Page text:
Breaking Bread At The Terminus Of Learning – OpEd


Let this be a lesson to you students.  You are now coming to the end of another semester, arbitrarily designated as having an even number of weeks, crammed with a range of objectives that no doubt most of you have not met.  For one thing, you did not read.  But my, did one try to encourage you.  You will have a chance to punish your teacher with absurd course ratings and meaningless criteria.  You will be able to “rate your professor” in the worst sense of the practice.

Modern education, if nothing else, is the elevation of admired, if predictable failure, over heroic, diligent success.  The latter are always seen as the tossers of the classroom, because they let the side down.  Let’s face it: the mediocrats will always get top billing from the managers, largely because the mediocrats are the managers.

Do not, however, despair.  To have you, dear students, in the classroom, is to feel vitality and strength, to find a sense of purpose.  Despite every attempt by the educational commissars to hack, diminish and denude the worth of a university education, some of you have realised that a love of the word and the feeling for learning is a love like no other.  It is orgiastic in release, and cathartic in cleansing: to be able to wash, bathe and cleanse in a text, and leave it invigorated. To be able to feel glorious cerebration.  

Ultimately, you are the only reason the academic functions, why the university breathes in its staggered, desperate way, escaping the shot that will end it.  The only reason the teacher or instructor has any calculable worth, can turn up on their hindlegs and brave a sea of faces in the muddled search for knowledge, hoping that a message might mind find its mark in the dark recess of a journey.  

That student-teacher relationship is almost more important than a love affair or conjugal union.  It is an admission of unadulterated trust, a conveyance of one being’s wonder into another’s quest to shape it.  For in that union, the mind plays with thoughts expressed, the assignments and papers submitted depictions of an inner self, a vulnerable being held up for the most intense questioning.  The instructor reads the student’s work as a full statement of effort, defect and all, weakness displayed, error prostrate.

It is the task of the instructor to show a way to best understand such defects, to warn of the potholes in the learning life, to issue caveats over those gnarly points where you might be caught out.  Make sure you do not trip over a source with origins that may compromise its worth.  (The opinion of a law company website can hardly rise to the level of a court opinion, as much as the authors might think it does.)  Make sure you state a claim clearly.  Avoid the clunky, the waffly, the syntactically vicious.  The savagery of conciseness will set you free.

In recent years, you can even say decades, that sacred union between yearning, curious student and profound, eager pedagogue has been assailed, if not destroyed altogether.  The bureaucrats have decided to mock and ridicule the academic as ornately irrelevant, a clown in the front of a room who deserves nothing but contempt.  Somewhere along the line, a number of risible morons decided that students and teachers were somehow equal in their possession of knowledge, presuming that all opinions have equivalent weight.  That bastard beast known as the lectorial was born – or was it the “flipped classroom”?  Some academics have turned into bureaucrats, the Vichy-Quisling class who have sold out their own in an effort to rise up that greasiest of poles: middle management.  In such desert spaces, ideas, and learning, go to perish in horrible ways, most commonly by means of the spreadsheet.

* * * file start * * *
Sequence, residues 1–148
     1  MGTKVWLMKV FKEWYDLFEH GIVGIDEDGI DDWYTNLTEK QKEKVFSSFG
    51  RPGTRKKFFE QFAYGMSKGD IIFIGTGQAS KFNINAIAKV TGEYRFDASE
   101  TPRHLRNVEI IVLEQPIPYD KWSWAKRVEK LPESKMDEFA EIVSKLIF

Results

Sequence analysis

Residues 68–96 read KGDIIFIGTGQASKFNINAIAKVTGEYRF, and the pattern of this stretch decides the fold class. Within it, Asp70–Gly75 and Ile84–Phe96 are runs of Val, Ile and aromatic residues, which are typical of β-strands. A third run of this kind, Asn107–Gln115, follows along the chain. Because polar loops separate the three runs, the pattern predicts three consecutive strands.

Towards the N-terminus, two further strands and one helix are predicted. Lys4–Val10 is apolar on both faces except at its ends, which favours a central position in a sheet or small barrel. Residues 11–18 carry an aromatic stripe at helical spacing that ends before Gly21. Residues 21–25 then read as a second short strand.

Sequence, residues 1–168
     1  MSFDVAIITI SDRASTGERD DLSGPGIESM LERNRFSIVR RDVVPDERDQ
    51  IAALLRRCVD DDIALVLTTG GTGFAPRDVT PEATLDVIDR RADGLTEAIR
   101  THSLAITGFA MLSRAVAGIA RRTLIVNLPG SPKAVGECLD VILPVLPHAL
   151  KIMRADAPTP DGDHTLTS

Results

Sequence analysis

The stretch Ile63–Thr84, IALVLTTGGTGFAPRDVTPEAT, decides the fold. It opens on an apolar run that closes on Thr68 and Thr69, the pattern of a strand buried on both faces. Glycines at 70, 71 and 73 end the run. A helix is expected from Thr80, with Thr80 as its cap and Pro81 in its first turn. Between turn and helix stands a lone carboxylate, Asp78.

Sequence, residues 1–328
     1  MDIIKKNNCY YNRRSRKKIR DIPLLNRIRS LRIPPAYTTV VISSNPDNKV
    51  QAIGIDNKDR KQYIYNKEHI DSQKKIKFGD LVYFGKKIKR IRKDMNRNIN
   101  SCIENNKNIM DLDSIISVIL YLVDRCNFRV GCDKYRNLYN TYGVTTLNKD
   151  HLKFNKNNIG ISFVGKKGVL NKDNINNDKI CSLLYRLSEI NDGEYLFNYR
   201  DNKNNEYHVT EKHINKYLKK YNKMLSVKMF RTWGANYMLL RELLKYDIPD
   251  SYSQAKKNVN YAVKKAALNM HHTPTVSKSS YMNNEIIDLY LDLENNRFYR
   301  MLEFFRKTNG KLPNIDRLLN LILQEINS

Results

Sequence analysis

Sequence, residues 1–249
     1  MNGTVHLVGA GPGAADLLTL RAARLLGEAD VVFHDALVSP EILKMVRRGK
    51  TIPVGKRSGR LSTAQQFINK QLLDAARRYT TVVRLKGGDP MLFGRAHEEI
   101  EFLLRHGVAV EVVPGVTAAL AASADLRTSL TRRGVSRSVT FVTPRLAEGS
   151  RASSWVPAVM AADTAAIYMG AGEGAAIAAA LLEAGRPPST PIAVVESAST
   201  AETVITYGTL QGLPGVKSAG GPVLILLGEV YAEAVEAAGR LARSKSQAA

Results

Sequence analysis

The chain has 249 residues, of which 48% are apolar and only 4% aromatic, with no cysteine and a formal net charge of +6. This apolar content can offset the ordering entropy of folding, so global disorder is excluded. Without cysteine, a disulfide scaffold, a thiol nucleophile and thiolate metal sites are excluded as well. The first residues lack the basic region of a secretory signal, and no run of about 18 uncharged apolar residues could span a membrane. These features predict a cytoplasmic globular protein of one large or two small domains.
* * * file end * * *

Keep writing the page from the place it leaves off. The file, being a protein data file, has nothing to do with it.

A relentless pushdown, even pulverising of the beauty that is abstract learning, complex form, Platonic ecstasy, has been taking place across teaching institutions, largely in the hope of securing more students who are best treated as dunderheaded gullible consumers than learning vessels filled with wonder.  The advent of the coronavirus pandemic simply added a drug-filled impetus to the measure, a nightmarish fuel to the fire of isolated despair.  Get online everyone: you know you want to. 

On this day, we are engaged in that most glorious of occasions an instructor, a lecturer, a pedagogue can ever have with their students: break bread and reflect sweetly upon the weeks passed.  It is a most solemn yet deeply felt occasion.  It is the end of the semester, and when you leave this classroom, a vestigial thought might stir on what you learnt.  At an opportune moment, it might comfort you, even save you.   

This is unlikely to happen in the future.  We are now at a terminus – of sorts.  Universities may be liquidated (in some cases, deservedly) by the gibbering hordes and minions of the Artificial Intelligence revolution.  Lectures and seminars will become programmatic spouts and spurts arranged and organised for delivery, leaving academics to suicide in libraries without books.  Essays will be derivative, machine products, tested on the quality of the AI function, rather than the quality of the human endeavour.  The idea of a crafted essay with all its beautiful, unintended faults: the misplaced colon, the split infinitive, the tormenting tautology, will pass into an anodyne, textual sludge called technological perfection.  When that happens, we all best take leave, and depart this earth.  But even then, it could be artificially generated.

Binoy Kampmark

Binoy Kampmark was a Commonwealth Scholar at Selwyn College, Cambridge. He lectures at RMIT University, Melbourne. Email: [email protected]

Leave a Reply

Your email address will not be published. Required fields are marked *